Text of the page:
Silver prices rose about 50 cents this past week or 2.1%. Silver is now up 9.7% on the year. Silver held its uptrend line with the low this week at $24.70. Silver’s recent spike took it to $27.50, so that level remains a target to be taken out. Silver broke out of a wedge triangle back in February. That breakout projects up to at least $31/$32. Many believe that over $30 silver has even higher potential. The high last February 2021 was $30.35. The top of the channel right now is up around $29. A move over $28.25 would suggest that new highs are probable. Meanwhile, silver needs to hold above $25 support and the uptrend line. The moving averages are turning up and MA followers can note the golden cross of the 50-day moving above both the 100 and 200-day MAs. The 100-day MA still lags behind the 200-day MA but is rising nicely now. The trend is up across all time frames. While $25 is important support, the drop-dead zone is a breakdown under $23.75. Under $22.85 new lows are probable. One thing we can’t help but notice is the huge premiums for silver coins. One-ounce Maple Leafs at SilverGoldBull ( are trading at a 38% premium to spot silver in Cdn$, although that drops if you were purchasing more in bulk. That tells us the demand is there and continues to support potentially higher prices for silver.image-20220328110637-3


The silver commercial COT improved to 29% this past week from 28%. Long open interest was largely unchanged but short open interest fell about 3,000 contracts. Overall open interest contracted around 4,000 contracts, suggesting that much of the action again this past week was short covering. The large speculators COT slipped to 76% from 77% as they lost almost 5,000 longs but also 1,000 or so shorts. The improvement is welcome but, overall, this week’s silver was underwhelming, given that there were no new longs.image-20220328110637-4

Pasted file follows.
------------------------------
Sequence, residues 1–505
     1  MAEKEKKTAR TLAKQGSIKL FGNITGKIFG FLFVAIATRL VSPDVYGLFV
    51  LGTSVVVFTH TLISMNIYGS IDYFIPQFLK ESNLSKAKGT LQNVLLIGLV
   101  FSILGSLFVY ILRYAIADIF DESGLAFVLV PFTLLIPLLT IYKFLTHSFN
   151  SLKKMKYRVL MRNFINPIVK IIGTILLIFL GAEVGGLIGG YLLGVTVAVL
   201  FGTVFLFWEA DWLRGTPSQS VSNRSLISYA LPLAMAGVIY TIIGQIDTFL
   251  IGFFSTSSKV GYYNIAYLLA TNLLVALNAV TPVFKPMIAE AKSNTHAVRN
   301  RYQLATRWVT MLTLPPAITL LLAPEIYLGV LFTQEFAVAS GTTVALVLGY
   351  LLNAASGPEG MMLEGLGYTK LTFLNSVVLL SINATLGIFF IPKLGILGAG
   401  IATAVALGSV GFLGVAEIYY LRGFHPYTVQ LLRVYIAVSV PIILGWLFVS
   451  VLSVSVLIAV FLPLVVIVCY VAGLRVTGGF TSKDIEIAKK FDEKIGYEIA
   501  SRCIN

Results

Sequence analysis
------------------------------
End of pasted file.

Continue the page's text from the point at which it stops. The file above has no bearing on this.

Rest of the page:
Both gold stock indices gained this past week with the TSX Gold Index (TGD) up 2.2% and the Gold Bugs Index (HUI) up 3.5%. However, for the TGD the recent 374 spike remains in place. The correction took the TGD down 10.7% from the spike high. So far, a fairly normal correction that fell in an abc corrective fashion. The question is, this just an upward correction to the recent decline or the start of a new up leg? A rise above 365 would suggest new highs ahead. But a decline now back through 340 could suggest new lows ahead. The uptrend line currently near 330 could be a draw. Whenever markets get too far from their 200-day MA a correction usually follows. At the recent high the TGD was almost 28% above its 200-day MA. Now it is only 18% above the key 200-day MA. The 200-day MA is just starting to turn up. The other key MAs have all crossed over to the upside, suggesting that we are embarked on a bull move to the upside. Targets should be at least 362 (recent high 358) or even up to 390. We have further potential targets up to 455 which would equal the 2011 high. The uptrend line appears to be around 330, so on any further pullback we’d prefer we hold that level. A drop under 330 would question the uptrend and minimum we’d look for a test of the 200-day MA near 295. The Gold Miners Bullish Percent Index (BPGDM) is still at 72.40 so there is plenty of room for that indicator to move higher. In 2016 the BPGDM hit 100 and more recently at the August 2020 high it also hit 100. Those are normally signals to at least take profits. The uptrend for the gold stock indices appears to be in place. Gold stocks remain cheap relative to gold. However, what we can’t say for sure yet is whether this recent pullback is over. As noted, a move above 365 would suggest new highs ahead. The trend is up, but the recent correction may not be over just yet.